The wedding is only a few weeks away. Be sure to write and let us know what you decided and how it all went.

For additional information:

5 Ways to Make Travel Less Stressful for Someone With Early Memory Loss

Highlights: Start early and allow extra time. Stick close to your loved one.

When among groups such as parties

Community Answers

A fellow caregiver answered...

My stepmother is 88, almost 89. She has moderate to severe dementia. She, my husband and I traveled by plane to Denver in December to her granddaughter's wedding. There were several activities she participated in and actually had the opportunity to speak. She enjoyed it very much and did very well, although I was very nervous when she got up to speak not knowing what she might say. But she did well. Sadly she doesn't remember it at all. We just had to make sure she got to rest and had places to sit and put her feet up (for swelling). My personal opinion is that they need to reconnect with family and feel a part of events as much as possible when physically possible. We took pictures of course and I made her a photo album so she could look at it. It was very special for her and for her granddaughter for her to be there. So far in the last couple of years, she has made it to family weddings and to see new babies out of town. The furtherest we have driven was a two-hour drive each way for lunch and to visit with a grandson, his wife and their new baby (her great grandson). She really enjoys it at the time so it seems worth the hassle and time.

Patv answered...

I too faced similar events when I first started overseeing my Mom's care. One of my biggest considerations was evaluating my ability to be "on duty" with her at the event. My children are of the age they manage on their own, so that helped. But when you consider taking your mother anywhere, remember your own needs. If you are helping with the party, sick or not 100% or riding with someone else, you might want to reconsider taking your mother. Most of these trips will be for your benefit - you and the family will remember the moments - as your mother will not be able to remember. As your mother's dementia progresses, many of your times with her will be for your own benefit. If you are lucky enough to have a helpful family, enlist their attention as well.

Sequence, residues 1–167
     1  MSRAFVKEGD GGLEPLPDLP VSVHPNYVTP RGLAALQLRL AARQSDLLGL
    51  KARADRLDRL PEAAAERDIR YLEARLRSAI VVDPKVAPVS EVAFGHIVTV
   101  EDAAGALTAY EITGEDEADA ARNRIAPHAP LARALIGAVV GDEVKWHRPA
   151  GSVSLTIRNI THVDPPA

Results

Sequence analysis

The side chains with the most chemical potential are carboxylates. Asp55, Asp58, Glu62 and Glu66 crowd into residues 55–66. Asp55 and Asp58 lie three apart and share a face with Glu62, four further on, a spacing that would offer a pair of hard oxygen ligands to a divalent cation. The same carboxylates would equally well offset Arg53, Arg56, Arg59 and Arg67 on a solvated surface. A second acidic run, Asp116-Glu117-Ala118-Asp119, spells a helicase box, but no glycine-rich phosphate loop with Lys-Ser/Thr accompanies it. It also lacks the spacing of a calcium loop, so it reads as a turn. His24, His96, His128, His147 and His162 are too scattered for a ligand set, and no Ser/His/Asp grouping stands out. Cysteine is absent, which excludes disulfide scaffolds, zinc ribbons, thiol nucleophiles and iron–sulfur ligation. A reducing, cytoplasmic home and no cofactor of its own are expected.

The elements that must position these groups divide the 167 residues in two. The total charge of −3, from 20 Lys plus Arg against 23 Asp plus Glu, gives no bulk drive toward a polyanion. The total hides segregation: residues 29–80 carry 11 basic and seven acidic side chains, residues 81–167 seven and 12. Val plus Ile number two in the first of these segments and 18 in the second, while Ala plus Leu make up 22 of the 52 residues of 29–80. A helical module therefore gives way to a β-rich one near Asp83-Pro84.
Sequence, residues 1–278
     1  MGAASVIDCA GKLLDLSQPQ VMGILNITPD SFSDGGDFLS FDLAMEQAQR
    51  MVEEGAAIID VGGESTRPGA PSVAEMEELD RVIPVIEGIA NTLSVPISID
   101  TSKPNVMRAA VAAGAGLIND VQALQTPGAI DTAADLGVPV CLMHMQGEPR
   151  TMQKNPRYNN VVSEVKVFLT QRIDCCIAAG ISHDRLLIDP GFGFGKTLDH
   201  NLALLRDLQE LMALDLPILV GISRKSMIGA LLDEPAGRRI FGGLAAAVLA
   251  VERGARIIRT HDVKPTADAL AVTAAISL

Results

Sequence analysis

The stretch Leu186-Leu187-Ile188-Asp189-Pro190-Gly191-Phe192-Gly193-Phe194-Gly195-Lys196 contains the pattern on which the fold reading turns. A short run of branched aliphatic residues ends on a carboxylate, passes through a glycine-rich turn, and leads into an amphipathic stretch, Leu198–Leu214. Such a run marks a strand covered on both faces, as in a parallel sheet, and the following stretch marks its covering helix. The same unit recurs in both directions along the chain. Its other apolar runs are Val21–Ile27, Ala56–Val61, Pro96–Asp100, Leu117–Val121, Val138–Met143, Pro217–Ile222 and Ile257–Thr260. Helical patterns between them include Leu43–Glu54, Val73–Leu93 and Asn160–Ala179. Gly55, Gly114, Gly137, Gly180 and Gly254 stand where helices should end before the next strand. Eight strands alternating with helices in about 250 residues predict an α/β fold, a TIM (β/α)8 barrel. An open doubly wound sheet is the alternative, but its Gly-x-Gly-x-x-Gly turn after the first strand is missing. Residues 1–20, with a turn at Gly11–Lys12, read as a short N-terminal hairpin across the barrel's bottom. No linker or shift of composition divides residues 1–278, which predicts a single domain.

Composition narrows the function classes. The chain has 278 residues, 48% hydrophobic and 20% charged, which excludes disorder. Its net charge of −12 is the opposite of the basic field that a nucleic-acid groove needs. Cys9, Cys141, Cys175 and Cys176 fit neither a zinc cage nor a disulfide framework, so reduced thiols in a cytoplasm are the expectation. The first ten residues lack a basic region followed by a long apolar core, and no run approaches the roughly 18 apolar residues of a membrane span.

Marcia s. answered...

My sister and I made arrangements for her to bring our mom to my son's wedding, this month. Mom did great! When the music started in church, she opened her eyes and with a smile on her face, said "Oh". She was alert and smiled during the ceremony and family pictures, moreso than she has been for over a year. She even chatted softly during the wedding, in her own special language. The Pastor said later, "A little rebutal is never a bad thing." :) My oldest sister feels we were cruel and selfish to include Mom. She and one of my brothers feel that taking Mom out of the facility in which she lives is bad for her. They are both mistaken. MOVING someone in Mom's condition is difficult. INVOLVING someone in Mom's condition is good. As long as the individual with Alzheimer's is with someone they trust, that person knows how to and is able to care fore them, and the outing is not so far as to cause extreme fatigue, it is agood idea to bring them with you.